Access

You are not currently logged in.

Access your personal account or get JSTOR access through your library or other institution:

login

Log in to your personal account or through your institution.

If You Use a Screen Reader

This content is available through Read Online (Free) program, which relies on page scans. Since scans are not currently available to screen readers, please contact JSTOR User Support for access. We'll provide a PDF copy for your screen reader.

From Philanthropy to Paternalism in the Noda Soy Sauce Industry: Pre-Corporate and Corporate Charity in Japan

W. Mark Fruin
The Business History Review
Vol. 56, No. 2, East Asian Business History (Summer, 1982), pp. 168-191
Stable URL: http://www.jstor.org/stable/3113975
Page Count: 26
  • Read Online (Free)
  • Subscribe ($19.50)
  • Cite this Item
Since scans are not currently available to screen readers, please contact JSTOR User Support for access. We'll provide a PDF copy for your screen reader.
From Philanthropy to Paternalism in the Noda Soy Sauce Industry: Pre-Corporate and Corporate Charity in Japan
Preview not available

Abstract

Students of Japanese business development have long debated the question of what has been called "community-centered entrepreneurship." Most often, the debate has involved two groups: one which has contended that Japanese businessmen put the public interest ahead of personal gain, and another which has argued that profits from private enterprise were so large that public interests could be served without imperiling private profits. In this article Professor Fruin examines the concept of community-centered entrepreneurship in terms of the Noda soy sauce industry as it evolved from the period of entrepreneurial capitalism of the nineteenth century to the managerial capitalism of the twentieth. While analyzing this important early industry in Japan within the context of ongoing institutional and ideological change, Fruin not only offers substantial evidence to support one side of the controversy surrounding community-centered entrepreneurship, but also draws some interesting parallels between the philanthropic endeavors of Japanese businessmen and their counterparts in the West during this era.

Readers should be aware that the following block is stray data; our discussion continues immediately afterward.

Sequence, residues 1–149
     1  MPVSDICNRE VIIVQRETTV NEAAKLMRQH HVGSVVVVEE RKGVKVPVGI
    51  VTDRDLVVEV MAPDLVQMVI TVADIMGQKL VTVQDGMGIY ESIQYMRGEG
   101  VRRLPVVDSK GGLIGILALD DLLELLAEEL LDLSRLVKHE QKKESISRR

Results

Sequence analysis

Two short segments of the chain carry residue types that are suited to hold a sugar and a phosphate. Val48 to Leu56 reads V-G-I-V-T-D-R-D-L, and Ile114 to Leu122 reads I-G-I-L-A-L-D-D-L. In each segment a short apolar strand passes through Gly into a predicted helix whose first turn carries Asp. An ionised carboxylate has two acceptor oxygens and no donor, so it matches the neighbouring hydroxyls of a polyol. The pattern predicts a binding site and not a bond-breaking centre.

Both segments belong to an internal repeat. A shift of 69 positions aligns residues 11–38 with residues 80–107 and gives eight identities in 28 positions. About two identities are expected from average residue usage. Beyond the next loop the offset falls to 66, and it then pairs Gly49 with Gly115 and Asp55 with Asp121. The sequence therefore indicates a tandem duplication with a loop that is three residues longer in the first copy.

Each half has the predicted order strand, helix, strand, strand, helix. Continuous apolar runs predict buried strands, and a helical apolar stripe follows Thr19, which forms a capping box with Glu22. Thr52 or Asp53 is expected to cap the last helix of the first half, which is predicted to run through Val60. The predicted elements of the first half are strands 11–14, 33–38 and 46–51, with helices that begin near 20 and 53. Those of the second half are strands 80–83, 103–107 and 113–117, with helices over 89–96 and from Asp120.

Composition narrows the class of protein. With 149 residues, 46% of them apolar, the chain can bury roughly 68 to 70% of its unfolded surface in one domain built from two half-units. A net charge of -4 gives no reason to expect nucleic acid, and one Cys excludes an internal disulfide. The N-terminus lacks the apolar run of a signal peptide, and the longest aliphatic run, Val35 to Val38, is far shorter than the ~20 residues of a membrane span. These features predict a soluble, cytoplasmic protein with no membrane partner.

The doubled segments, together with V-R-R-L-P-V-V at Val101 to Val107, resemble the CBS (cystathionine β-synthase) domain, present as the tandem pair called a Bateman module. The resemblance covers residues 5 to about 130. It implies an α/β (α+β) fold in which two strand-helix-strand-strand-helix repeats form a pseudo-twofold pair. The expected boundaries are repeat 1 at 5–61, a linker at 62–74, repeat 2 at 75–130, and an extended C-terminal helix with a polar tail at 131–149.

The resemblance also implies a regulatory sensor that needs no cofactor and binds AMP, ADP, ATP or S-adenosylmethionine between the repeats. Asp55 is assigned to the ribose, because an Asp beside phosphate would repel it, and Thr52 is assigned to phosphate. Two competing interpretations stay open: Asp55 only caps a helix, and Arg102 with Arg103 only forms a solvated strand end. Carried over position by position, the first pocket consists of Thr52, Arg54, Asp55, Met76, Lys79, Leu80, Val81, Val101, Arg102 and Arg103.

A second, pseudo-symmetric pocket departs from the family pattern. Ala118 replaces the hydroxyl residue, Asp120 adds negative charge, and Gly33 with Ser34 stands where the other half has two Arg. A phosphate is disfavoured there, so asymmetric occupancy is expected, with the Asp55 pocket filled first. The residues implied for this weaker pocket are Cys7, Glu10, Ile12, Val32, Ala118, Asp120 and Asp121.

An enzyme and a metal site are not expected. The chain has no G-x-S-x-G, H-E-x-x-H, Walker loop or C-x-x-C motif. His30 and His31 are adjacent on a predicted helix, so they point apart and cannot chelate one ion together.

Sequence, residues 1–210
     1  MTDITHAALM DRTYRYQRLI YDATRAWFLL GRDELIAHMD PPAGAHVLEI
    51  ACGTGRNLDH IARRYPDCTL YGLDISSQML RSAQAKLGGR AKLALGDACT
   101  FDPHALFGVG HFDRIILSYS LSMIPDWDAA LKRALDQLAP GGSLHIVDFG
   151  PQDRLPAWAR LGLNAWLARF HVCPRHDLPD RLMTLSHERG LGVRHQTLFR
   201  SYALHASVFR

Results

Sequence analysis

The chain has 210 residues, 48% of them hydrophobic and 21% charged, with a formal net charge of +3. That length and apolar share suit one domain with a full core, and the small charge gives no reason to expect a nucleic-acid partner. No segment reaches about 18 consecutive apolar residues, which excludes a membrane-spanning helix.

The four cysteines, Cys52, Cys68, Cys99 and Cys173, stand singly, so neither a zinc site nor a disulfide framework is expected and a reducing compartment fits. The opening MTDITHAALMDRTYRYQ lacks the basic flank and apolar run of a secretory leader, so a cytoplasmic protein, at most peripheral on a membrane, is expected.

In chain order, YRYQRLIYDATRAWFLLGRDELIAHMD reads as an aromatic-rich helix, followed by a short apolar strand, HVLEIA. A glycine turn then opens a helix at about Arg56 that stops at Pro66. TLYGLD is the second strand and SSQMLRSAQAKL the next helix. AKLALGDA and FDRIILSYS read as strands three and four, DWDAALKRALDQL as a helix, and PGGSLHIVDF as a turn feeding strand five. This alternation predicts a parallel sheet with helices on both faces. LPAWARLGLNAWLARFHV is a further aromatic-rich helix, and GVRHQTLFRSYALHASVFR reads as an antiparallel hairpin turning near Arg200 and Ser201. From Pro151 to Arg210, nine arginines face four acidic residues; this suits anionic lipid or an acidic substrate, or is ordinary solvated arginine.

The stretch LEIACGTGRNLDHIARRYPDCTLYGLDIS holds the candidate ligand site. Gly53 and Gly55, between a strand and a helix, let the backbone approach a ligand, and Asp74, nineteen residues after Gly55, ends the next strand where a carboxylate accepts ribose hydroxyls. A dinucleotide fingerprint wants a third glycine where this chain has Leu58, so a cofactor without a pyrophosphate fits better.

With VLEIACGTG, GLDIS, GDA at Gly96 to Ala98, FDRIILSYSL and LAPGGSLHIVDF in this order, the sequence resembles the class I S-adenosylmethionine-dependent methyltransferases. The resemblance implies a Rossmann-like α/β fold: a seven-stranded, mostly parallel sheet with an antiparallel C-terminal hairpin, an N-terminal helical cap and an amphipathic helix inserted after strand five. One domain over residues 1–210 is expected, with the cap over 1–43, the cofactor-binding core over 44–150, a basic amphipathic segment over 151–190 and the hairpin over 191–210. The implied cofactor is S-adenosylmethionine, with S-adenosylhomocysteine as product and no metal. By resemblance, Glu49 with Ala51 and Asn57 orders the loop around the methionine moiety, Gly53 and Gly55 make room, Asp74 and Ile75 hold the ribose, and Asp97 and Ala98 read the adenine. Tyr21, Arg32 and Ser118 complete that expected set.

Page Thumbnails

  • Thumbnail: Page 
[168]
    [168]
  • Thumbnail: Page 
169
    169
  • Thumbnail: Page 
170
    170
  • Thumbnail: Page 
171
    171
  • Thumbnail: Page 
172
    172
  • Thumbnail: Page 
173
    173
  • Thumbnail: Page 
174
    174
  • Thumbnail: Page 
175
    175
  • Thumbnail: Page 
176
    176
  • Thumbnail: Page 
177
    177
  • Thumbnail: Page 
178
    178
  • Thumbnail: Page 
179
    179
  • Thumbnail: Page 
180
    180
  • Thumbnail: Page 
181
    181
  • Thumbnail: Page 
182
    182
  • Thumbnail: Page 
183
    183
  • Thumbnail: Page 
184
    184
  • Thumbnail: Page 
185
    185
  • Thumbnail: Page 
186
    186
  • Thumbnail: Page 
187
    187
  • Thumbnail: Page 
188
    188
  • Thumbnail: Page 
189
    189
  • Thumbnail: Page 
190
    190
  • Thumbnail: Page 
191
    191
  • Thumbnail: Page 
[unnumbered]
    [unnumbered]
  • Thumbnail: Page 
[unnumbered]
    [unnumbered]